Levelling-up? Returning what's been taken would be a start | Burnley Council leader Afrasiab Anwar
Once you look beyond the government slogans and buzz words what you are left with is a set of recycled policies and announcements made previously.
When making the announcement, the Secretary of State admitted not everyone shares equally in the UK’s success and that too many communities have been overlooked and left in a cycle of deep decline.
This White Paper was meant to be about ending this historic injustice and calling time on the postcode lottery.
The truth is we have had over a decade of austerity.
Under this government, Burnley alone has seen the axing of the Housing Market Renewal, closure of Sure Start centres, lack of investment in education and cuts to Youth and Community centres.
Households are struggling with the steep rise in the cost of living due to rising fuel prices, increase to VAT and National Insurance, reduced household income and the highest inflation rates for 30 years.
Add to that the scrapping of the Universal Credit uplift for the most vulnerable, the only increase we have seen under this government is the number of foodbanks.
In reality we in Burnley don’t ask for Levelling up, returning what has been taken away would be a start.
Research has revealed that only £36 per person, allocated through the government's levelling up fund, has gone to the parts of England most in need of it.
Despite the claims of the white paper bringing an end to this inequality, when we look closer to home, we find neighbouring Hyndburn receives just £2.85 per head compared to Sajid Javid's constituency of Bromsgrove benefitting from £148.33 per head. Is this what the government means by levelling up?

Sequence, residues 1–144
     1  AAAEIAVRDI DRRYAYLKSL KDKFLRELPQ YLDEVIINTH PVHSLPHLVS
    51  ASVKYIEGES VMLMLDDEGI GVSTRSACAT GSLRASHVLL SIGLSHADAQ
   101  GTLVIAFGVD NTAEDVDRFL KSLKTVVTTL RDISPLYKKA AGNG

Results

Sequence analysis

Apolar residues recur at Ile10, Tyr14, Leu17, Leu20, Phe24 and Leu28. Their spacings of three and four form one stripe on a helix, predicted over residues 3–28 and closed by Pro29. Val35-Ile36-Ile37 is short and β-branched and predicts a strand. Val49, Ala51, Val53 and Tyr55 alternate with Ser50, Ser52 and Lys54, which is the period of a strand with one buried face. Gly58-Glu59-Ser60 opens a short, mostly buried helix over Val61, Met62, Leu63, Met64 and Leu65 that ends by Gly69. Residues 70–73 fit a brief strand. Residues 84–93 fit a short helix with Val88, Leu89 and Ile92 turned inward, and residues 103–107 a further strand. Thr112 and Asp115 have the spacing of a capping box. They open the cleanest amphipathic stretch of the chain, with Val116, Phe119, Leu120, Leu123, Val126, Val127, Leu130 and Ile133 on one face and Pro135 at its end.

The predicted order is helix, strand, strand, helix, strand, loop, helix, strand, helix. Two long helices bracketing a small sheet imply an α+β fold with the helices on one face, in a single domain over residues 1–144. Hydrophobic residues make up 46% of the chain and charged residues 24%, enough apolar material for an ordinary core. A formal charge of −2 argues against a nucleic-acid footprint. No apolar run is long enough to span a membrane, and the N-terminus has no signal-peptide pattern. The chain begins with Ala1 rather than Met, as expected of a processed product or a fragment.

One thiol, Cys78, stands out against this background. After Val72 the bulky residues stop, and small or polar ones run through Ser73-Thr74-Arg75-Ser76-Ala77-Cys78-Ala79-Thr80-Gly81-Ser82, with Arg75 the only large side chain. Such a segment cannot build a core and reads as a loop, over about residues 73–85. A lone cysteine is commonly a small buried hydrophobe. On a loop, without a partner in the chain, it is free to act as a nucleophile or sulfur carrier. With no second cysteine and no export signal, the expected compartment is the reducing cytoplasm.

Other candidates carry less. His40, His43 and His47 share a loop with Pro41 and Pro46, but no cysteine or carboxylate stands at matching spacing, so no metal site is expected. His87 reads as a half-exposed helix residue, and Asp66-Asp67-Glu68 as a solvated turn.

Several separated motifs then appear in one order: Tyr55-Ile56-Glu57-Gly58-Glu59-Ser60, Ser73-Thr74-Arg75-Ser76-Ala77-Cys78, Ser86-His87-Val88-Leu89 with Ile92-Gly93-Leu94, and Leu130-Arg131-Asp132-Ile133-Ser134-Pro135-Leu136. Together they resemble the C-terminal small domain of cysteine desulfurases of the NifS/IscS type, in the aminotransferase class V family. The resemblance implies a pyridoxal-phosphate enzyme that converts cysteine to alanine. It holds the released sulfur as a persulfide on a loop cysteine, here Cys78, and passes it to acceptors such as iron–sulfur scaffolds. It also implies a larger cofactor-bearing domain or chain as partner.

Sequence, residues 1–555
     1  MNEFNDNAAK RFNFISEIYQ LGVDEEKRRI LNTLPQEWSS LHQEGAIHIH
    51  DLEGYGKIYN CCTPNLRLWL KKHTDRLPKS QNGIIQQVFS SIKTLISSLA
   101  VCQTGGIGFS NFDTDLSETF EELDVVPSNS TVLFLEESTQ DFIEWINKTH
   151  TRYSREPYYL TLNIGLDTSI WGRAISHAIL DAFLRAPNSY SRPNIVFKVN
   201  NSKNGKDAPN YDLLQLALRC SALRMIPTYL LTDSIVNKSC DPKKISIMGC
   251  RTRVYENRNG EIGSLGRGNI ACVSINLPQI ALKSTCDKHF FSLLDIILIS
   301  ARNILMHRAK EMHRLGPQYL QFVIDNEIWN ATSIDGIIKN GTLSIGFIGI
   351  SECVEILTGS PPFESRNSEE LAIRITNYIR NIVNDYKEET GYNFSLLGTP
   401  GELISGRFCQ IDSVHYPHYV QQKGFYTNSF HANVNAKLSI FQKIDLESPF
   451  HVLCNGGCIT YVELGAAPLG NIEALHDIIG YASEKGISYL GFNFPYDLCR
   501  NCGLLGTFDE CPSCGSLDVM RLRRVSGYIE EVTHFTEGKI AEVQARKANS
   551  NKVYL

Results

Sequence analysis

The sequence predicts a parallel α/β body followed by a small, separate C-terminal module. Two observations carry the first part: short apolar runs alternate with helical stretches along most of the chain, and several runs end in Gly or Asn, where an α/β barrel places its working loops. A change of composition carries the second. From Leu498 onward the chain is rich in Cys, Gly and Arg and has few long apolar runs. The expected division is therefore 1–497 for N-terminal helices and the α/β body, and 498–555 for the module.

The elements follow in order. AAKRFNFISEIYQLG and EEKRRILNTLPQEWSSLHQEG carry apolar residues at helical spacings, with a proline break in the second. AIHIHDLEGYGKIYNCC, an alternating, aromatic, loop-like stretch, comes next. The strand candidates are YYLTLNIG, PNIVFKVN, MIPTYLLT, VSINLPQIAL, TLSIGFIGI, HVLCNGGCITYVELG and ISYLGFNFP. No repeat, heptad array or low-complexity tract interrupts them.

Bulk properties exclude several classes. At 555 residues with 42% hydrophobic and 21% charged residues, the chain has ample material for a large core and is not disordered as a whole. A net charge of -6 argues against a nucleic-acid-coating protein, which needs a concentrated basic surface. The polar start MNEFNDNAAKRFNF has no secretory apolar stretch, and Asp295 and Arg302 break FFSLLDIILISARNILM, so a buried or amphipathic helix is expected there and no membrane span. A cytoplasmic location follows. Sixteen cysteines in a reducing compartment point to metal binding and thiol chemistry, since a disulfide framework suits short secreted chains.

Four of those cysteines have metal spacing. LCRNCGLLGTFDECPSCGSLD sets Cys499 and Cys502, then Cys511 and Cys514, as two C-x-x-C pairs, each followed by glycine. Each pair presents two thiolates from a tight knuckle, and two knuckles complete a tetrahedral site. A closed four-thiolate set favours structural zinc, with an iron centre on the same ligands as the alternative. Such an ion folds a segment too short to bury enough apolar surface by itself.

The plan to establish more equal education and employment chances was a key tenet of Boris Johnson's offer at the 2019 general election so this week we saw the announcement of the Education Investment Fund.
Fifty-five areas will benefit from this but despite the challenges faced by pupils in East Lancashire, there was nothing for Burnley, Pendle, Hyndburn and Rossendale.
The announcement promised the biggest shift of power from Whitehall to local leaders and spreading opportunity to every part of the UK.
By 2030, every region that wishes to have a ‘London-style’ devolution deal will have one.
Unfortunately, Lancashire is not one of the areas mentioned in the first round of devolution deals and the preferred model on the table is a Mayoral Combined Authority, something which Lancashire does not have an appetite for.
The alternative, with reduced powers encourages district council involvement, but will only be agreed with County and Unitary Authorities. So where does this leave
district councils like ours?
Burnley has indeed been awarded £20 million as part of the Levelling Up Fund.
This was a project we had to bid for and was successful thanks to council officers working night and day to meet a very tight deadline.
The projects benefitting from this were already included in our Canalside and Town Centre Master plan.
The funding is welcome and will have an impact on the borough, but capital projects are not Levelling Up.
If the government wants to truly level up it needs to go much further, or Lancashire will be left further behind.